'Post-sex blues may not be a medical condition'

In a recent survey, almost half of young women said that at some point in their lives, they'd experienced feelings of melancholy after sex. Most research on female sexual function has focused on arousal, orgasm or pain before or during sex, while little has focused on emotional expression after sex, the researchers say.

So-called "postcoital dysphoria," or feelings of sadness after consensual intercourse, may not be a "medical" problem, per se, but a human experience on the continuum of sexual experiences one can have, said lead author Robert D Schweitzer of Queensland University of Technology in Kelvin Grove, Queensland, Australia.

He and his colleagues used online survey responses from 230 female university students, who answered questions about sexual function, experiences in close relationships psychological distress and sex-specific emotional experiences.

In addition, the researchers asked the women whether inexplicable tearfulness or sadness following consensual sexual intercourse - symptoms of postcoital dysphoria - had ever been a problem for them either in the last four weeks, or at some point in their lives.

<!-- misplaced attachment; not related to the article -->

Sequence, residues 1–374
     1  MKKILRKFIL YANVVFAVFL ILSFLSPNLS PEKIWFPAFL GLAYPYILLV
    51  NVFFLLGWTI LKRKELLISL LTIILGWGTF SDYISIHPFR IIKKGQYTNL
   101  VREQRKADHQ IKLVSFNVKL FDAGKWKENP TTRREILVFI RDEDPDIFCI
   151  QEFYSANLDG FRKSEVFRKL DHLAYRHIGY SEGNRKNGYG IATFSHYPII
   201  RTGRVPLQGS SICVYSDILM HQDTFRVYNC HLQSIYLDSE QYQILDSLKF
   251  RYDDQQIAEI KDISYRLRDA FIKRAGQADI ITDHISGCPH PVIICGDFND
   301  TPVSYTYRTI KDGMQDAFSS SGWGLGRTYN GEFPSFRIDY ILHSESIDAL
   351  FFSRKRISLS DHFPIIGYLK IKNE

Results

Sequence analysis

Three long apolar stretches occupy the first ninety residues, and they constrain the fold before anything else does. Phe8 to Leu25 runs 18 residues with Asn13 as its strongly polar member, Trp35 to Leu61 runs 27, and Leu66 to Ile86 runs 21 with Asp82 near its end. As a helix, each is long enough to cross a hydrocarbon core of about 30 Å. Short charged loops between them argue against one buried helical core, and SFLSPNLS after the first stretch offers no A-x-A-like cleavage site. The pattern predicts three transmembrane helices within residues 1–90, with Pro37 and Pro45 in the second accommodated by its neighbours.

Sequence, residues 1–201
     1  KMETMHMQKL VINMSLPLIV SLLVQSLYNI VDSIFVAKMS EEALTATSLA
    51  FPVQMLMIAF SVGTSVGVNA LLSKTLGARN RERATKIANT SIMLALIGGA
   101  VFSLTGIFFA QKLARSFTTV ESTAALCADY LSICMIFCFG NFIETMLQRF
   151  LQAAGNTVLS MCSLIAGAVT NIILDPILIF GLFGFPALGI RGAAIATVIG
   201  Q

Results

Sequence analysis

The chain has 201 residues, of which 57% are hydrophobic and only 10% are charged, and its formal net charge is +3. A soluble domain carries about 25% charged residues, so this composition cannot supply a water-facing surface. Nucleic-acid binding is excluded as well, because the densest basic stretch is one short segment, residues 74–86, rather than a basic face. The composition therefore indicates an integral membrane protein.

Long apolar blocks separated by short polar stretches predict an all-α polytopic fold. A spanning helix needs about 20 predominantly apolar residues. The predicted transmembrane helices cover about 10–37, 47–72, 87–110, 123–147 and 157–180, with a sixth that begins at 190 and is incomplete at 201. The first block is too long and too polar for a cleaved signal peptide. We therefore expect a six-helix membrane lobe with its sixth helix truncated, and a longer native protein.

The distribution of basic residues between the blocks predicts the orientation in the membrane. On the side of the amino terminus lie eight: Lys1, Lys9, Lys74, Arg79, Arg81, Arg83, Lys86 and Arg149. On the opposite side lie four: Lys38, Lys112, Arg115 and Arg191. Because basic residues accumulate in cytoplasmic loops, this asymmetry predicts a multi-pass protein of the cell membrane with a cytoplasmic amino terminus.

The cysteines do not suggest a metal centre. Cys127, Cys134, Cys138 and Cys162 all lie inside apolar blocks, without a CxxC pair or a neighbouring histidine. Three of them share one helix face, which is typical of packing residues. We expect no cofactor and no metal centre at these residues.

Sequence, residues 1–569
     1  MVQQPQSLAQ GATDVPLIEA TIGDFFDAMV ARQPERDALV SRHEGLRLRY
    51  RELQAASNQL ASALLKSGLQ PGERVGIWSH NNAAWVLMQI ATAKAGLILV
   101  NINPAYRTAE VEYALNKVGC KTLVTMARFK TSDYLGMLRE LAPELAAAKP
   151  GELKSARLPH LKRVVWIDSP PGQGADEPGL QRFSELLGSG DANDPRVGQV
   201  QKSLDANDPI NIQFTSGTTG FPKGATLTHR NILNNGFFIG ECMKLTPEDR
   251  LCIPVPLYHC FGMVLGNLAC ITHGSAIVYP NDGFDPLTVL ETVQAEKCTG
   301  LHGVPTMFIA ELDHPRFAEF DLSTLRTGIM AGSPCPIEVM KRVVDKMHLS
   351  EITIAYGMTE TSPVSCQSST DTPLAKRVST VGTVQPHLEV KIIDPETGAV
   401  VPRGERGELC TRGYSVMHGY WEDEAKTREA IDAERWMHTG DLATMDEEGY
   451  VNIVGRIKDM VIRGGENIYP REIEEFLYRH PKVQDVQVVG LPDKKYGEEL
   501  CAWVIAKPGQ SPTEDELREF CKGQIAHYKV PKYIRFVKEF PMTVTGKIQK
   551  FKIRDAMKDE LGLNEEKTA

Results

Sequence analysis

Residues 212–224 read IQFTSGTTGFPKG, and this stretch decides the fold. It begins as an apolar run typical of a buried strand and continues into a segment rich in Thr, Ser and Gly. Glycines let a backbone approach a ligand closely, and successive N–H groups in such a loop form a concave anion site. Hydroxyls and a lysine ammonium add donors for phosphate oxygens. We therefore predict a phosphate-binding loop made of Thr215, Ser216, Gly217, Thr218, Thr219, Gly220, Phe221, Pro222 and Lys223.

About 5% of women had experienced those symptoms over the previous four weeks, and more than 46% percent had experienced them at least once in their lives. Only 2% reported having these symptoms most or all of the time.

These numbers are higher than some previous studies, suggesting that postcoital dysphoria is still under-recognised and under-researched, the researchers wrote.

There is good evidence that there is a genetic component to the symptoms, as they are more common in identical twins, and breastfeeding may be associated with dysphoria, Schweitzer said. Age and relationship length were not related to postcoital dysphoria symptoms in this study, but a history of childhood or adult sexual abuse increased the risk of the distress symptoms after sex.

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